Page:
HISTORY OF CRUISER BIKES
Sun, fun and a single-speed bike. Nothing evokes the carefree days of youth more than riding an iconic cruiser bicycle. Whether you are rolling along the boardwalk in New Jersey or cruising through a leafy park in Colorado, an easy and laidback cruiser bike will transport you to a simpler time. A time when you didn’t have a care in the world and could just enjoy the simplicity and freedom of the wind in your hair and the sun on your face as you pedaled around.
Cruiser bikes, with their balloon tires, upright riding position, and simple design, have been around since the early 1930s. Schwinn designed the first cruiser as an affordable alternative to the more expensive sport bicycles on the market at that time. These first cruisers were heavy-duty workhorses, incorporating steel frames and sturdy, wide tires. These features allowed the bike to handle more wear-and-tear than their competitors. Americans, still reeling from the Great Depression, soon adopted the cruiser as an affordable and preferred way to get around.
Cruisers quickly earned a reputation as reliable and easy to ride, and by the 1950s, cruiser reached the height of popularity. Other manufacturers quickly jumped on the cruiser bandwagon, each offering more creative and unique designs to woo new buyers. From cowboy-themed cruisers to models that included faux gas tanks and AM radios, there was a cruiser suited to every personality and taste.
With such popularity, it didn’t take long for cruiser bikes to become an integral part of the beach scene. Because cruisers are easy to ride and their fat tires excel on flat terrain and sand, they quickly became popular in vacation destinations as an inexpensive and fun alternative to a car. Locals and tourist of all ages could pedal to the beach, bike baskets filled with snacks and blankets, and spend a day frolicking in the surf and sun. This carefree and low-cost way to get around helped establish cruiser bikes as an iconic part of the beach lifestyle.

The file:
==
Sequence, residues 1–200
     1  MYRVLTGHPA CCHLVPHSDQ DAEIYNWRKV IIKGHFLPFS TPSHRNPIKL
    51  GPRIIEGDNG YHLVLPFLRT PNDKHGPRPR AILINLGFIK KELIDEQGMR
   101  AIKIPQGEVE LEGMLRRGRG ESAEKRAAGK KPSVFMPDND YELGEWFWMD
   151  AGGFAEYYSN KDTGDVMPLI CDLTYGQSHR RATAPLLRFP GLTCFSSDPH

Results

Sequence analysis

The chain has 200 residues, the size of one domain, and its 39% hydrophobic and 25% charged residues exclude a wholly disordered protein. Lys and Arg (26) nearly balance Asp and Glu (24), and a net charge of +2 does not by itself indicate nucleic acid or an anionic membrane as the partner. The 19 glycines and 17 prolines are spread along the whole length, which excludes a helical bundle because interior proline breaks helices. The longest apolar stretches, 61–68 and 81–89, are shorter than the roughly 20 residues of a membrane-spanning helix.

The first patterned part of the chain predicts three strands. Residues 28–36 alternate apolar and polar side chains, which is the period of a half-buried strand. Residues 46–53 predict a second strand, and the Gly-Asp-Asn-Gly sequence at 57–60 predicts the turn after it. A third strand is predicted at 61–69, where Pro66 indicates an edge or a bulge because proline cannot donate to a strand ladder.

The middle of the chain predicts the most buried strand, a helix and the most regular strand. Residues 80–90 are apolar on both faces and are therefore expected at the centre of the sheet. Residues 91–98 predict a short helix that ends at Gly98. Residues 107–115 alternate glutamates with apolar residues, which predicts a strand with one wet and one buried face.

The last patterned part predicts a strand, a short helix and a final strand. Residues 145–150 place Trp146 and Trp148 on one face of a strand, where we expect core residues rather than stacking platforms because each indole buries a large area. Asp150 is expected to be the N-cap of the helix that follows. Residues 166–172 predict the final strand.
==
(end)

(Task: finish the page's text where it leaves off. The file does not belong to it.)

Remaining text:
In the late 50s and early 60s, cruiser bikes began to wane in popularity, as other bicycle styles began to flood the market. Americans soon preferred lighter bikes with multiple gears and European styling options. Eventually, cruisers were all but obsolete. Except for one loyal group of riders. Beach lovers still preferred cruiser bikes for the simplicity and low cost. In fact, the term “beach cruiser” was actually coined in the early 70s by Larry McNeely, the owner of Recycled Cycles in Newport Beach, California, when he began refurbishing old cruiser bikes into functional beach rides.
Cruiser bikes enjoyed a renaissance with mainstream riders in the mid-90s, as a comfortable, simple and inexpensive alternative to the fancier, sport-specific bikes available. Baby boomers like them for their nostalgia and comfort. Young, urban dwellers adopted the cruiser bike for the retro look and endless styling options.
Cruisers have continued their surge in popularity, and today you can find a cruiser bike in nearly every manufacturer’s line-up. There are even specialty cruiser manufacturers that cater exclusively to the cruiser bike market. And if you can’t find a cruiser that reflects your individuality, you can also visit a custom bike shop and have a custom cruiser bike made to your exact specifications.
Whether you want to recapture the nostalgia of days gone by or simply make a statement as you pedal around town, there is a cruiser bike that is perfect for you.